The United States isn’t the only nation concerned about the mental health of soldiers once they return home from dangerous duty abroad.
Norway has deployed its soldiers on peacekeeping missions to the former Yugoslavia and Lebanon. More than 10,000 Norwegian troops have served in Afghanistan as well.
The Norwegian approach to military psychiatry grew out of decades of experience after those military involvements, explained Maj. Øyvind Erik Jensen, M.D., in an interview with Psychiatric News.
“Psychiatrists help train the troops before they go, but we do not deploy with them,” because the units are too small to warrant a full-time clinician, said Jensen. Overall responsibility for soldiers’ welfare always lies with their commanding officers. “We are just their advisors.”
However, two psychiatrists or psychologists are on duty 24 hours a day in Norway during deployment of its troops and can fly out to the unit if some major traumatic event, like a roadside bomb blast with casualties, occurs.
Jensen did serve two six-month tours of duty in Kosovo and Afghanistan but as a general medical officer, not a psychiatrist.
One major difference between U.S. and Norwegian soldiers is that Americans spend a year in battle zones while the Norwegians serve only six months away. (U.S. Marines serve shorter deployments.) The Norwegians also get two two-week home leaves during that time.
“We are only borrowing the soldier from their families, from their social networks, and from their communities,” said Jensen. “They will spend most of their lives outside the armed forces, so it’s best that they remain rooted in civilian society.”
When troops return from deployment, they don’t go straight back to Norway. The unit makes a stopover on the way—usually in Denmark or Sweden—for a few days to unwind and go through a tactical military debriefing.
Jensen and other clinicians also talk individually with each returning soldier.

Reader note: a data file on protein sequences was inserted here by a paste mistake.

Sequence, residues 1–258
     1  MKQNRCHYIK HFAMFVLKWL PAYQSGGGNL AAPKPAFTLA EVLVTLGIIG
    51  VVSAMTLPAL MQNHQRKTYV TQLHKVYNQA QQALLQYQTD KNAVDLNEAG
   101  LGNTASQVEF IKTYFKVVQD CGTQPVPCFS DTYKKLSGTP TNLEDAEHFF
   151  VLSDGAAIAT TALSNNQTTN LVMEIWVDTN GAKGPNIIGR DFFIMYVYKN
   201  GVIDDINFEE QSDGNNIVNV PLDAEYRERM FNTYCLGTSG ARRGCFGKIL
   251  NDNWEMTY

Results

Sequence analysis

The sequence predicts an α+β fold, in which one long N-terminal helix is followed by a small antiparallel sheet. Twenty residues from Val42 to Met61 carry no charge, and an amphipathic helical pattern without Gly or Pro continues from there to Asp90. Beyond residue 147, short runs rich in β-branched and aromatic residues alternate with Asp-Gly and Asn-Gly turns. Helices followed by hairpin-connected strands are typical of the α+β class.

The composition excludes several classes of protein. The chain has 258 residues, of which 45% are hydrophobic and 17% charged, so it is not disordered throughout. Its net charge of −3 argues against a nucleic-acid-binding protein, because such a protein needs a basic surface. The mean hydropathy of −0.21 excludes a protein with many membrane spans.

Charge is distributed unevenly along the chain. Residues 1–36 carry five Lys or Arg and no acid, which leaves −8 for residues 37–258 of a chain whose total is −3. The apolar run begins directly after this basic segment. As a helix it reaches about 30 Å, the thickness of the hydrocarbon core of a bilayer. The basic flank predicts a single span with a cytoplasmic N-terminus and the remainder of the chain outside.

“We get them out of the activation phase, out of the war zone,” he said. “I tell them: Today you’re in Sweden and tomorrow you’ll be in Norway, but your hormones will still be in Afghanistan for another fortnight.”
Soldiers seem to prefer biological explanations for what they are experiencing. “Cortisol” works better as an explanation than “feelings” or “anxiety,” he said. “We hope that this will reduce the risk of PTSD in the future.”
In addition, like the British Army and others, the Norwegians schedule their troops to remain at home for longer stretches than those for which they are deployed. Norway uses a 4-to-1 ratio; after six-months away, a soldier should remain at home for two years.
Jensen realized the value of this rule of thumb after talking with one officer who went through seven six-month tours of duty in the Balkans in seven years and developed severe posttraumatic stress disorder.
Once their military careers are over, Norwegian troops often face barriers to specialized care because Norway does not have the equivalent of a VA health system, said Jensen. Part of that problem arose with the shift from a draft to a volunteer, professional army.
“In the past, the army was seen as part of the nation, so it was assumed that the general health service should care for soldiers after they left the army,” he said.
However, too few civilian clinicians understood about the stressors faced by military personnel, although there are increased training opportunities now, he said.
In the absence of a veterans health care system, Norway’s military health service will care for veterans for 14 months after their enlistments end.
“Now, any veteran with any mental health issue can be evaluated by a military psychiatrist and get short-term therapy,” he pointed out.
“If they need more treatment, we arrange it with a psychiatric outpatient clinic in the civilian health system,” said Jensen. “We want to give our soldiers good care while they’re serving and good follow-up for the rest of their lives.” ■